The Black Church in the African American Experience
by C. Eric Lincoln and Lawrence H. Mamiya
Duke University Press, 519 pages, $47.50
When we cut through the many good reasons that lead social scientists to study religion, we find ourselves in the end confronting questions about politics. Whether subtly or straightforwardly, with explicit or only veiled references to the Marxian axiom that religion is an opiate, the analytical musings of the sociologist or the political scientist invariably direct us to conclude something about whether religion, especially in its organized forms, promotes or retards progressive social change. And historians have been almost obsessive in posing questions about the role of religion in encouraging or stifling populist cries of injustice. The debates on this issue among the social scientists are too long, too complicated, and too heated to review in full. However in opening a discussion of C. Eric Lincoln and Lawrence H. Mamiya's The Black Church in the African American Experience—a book that will surely be seen to be a landmark study—a little background may be useful.
Historians of the American experience have said some unkind things about both the sincerity and the effectiveness of the professed social conscience of Christian churches. Elaborating on an interpretation made in 1929 by H. Richard Niebuhr in The Social Sources of Denominationalism, many of them have noted that church denominations, like people, move up the social scale. When they arrive at middle-class status, it is often thought, their social vision is compromised by capitalist-influenced worries about such things as discipline, thrift, and social decorum. On the other hand, the “sects” that do not move up suffer a worse condescension. Of them it is complained that they preach to their flocks, usually drawn from the lower social ranks, a gospel of worldly defeatism. Religious consolation in the industrial age, we are told, comes at the high price of diverting attention away from the causes of economic oppression.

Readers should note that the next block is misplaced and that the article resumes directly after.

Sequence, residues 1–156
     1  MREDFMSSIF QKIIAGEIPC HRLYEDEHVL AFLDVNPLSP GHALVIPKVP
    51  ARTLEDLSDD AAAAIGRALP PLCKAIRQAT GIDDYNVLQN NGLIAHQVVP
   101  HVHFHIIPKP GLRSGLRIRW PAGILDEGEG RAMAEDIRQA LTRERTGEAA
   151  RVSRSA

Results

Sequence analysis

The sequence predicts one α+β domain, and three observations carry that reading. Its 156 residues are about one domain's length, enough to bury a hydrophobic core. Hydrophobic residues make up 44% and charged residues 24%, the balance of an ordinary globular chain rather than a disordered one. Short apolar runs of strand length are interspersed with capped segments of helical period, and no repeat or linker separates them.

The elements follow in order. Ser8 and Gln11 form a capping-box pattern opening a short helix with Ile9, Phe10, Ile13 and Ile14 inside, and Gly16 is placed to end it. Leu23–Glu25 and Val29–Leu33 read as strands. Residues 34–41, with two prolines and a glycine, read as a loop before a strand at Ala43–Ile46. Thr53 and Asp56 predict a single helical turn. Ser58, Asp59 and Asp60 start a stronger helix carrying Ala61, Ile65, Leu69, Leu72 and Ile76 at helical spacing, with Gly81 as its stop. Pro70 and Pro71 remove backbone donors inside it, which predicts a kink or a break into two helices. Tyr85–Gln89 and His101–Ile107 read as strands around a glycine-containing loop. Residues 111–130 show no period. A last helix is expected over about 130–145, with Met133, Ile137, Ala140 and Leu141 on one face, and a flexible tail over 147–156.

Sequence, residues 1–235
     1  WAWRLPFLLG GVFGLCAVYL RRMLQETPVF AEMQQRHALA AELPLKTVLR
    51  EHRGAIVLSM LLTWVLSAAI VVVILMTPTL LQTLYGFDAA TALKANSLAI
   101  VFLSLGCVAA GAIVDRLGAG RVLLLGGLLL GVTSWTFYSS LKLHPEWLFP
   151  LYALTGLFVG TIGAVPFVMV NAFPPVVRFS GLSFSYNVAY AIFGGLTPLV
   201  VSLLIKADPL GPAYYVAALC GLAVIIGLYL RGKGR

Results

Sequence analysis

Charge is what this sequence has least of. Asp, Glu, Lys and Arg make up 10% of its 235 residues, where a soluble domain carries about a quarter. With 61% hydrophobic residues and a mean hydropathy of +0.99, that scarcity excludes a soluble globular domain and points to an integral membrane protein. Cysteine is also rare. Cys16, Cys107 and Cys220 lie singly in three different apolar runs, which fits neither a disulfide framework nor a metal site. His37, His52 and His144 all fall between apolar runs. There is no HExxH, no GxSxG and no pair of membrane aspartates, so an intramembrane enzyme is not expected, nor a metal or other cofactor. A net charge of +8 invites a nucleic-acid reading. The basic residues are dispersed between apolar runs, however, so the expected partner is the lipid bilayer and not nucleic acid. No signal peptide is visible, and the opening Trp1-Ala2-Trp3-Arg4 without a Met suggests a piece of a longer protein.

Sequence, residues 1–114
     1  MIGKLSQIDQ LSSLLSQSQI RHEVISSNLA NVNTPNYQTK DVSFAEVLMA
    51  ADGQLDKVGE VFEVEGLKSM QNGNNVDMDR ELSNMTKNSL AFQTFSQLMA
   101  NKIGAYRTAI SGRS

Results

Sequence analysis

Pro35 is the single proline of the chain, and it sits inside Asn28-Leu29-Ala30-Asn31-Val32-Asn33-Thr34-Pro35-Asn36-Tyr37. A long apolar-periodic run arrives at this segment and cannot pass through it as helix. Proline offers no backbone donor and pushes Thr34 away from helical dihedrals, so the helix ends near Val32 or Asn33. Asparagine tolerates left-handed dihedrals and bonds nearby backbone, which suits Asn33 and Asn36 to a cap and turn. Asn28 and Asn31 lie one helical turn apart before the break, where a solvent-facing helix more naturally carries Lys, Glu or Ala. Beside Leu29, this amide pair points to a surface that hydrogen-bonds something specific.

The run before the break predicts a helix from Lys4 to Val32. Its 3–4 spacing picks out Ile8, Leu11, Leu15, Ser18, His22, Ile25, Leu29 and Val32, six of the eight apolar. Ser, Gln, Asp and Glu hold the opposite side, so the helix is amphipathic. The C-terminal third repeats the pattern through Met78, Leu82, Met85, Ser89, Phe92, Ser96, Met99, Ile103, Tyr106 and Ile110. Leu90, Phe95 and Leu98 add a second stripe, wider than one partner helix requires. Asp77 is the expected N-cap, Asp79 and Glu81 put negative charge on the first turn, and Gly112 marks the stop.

Nathan Hatch's important book The Democratization of American Christianity (1989) may signal some shift in this tide, but the notion that, even in the land of the free, churches succeed as institutions by first bending to, and eventually reinforcing, the social status quo is deeply implanted in the literature. A student reading through the most influential recent histories of the American working class might reasonably conclude that working-class militance was inversely related to church attendance.
An important exception to this general practice can be found in the historical accounts of African-American churches. To be sure, certain highly gifted students of the African-American religious experience have been as harsh in arguing a case for the social regressiveness of black churches as any scholar bent on demonstrating that the social gospel preached in white pulpits intentionally masked the exploitation of the greedy money barons who paid the minister. For example, E. Franklin Frazier, whose The Negro Church in America is a classic in the field, offered a mixed assessment of his subject. But for him the downside was very far down indeed. The Black Church, he said, “aided the Negro to become accommodated to an inferior status,” furthered a religion that was otherworldly in its outlook, “cast a shadow over the entire intellectual life of Negroes,” and was responsible for the “so-called backwardness of American Negroes.”
However, there is another view of the issue running through the literature, a view that deserves to be called the prevailing one—especially now, with an impressive boost from this present volume. First set forth by W. E. B. DuBois, then pushed by the white anthropologist Melville Herskovits and the white Marxist historian Eugene Genovese, and subsequently sustained in the work of such younger African-American scholars as John Blassingame, Albert Raboteau, and Margaret Creel Washington, it locates a tradition of African-American resistance in an innovative black Christianity. The churches fostered by this innovative Christianity were “churches of the disinherited” that served well their members' social and political needs.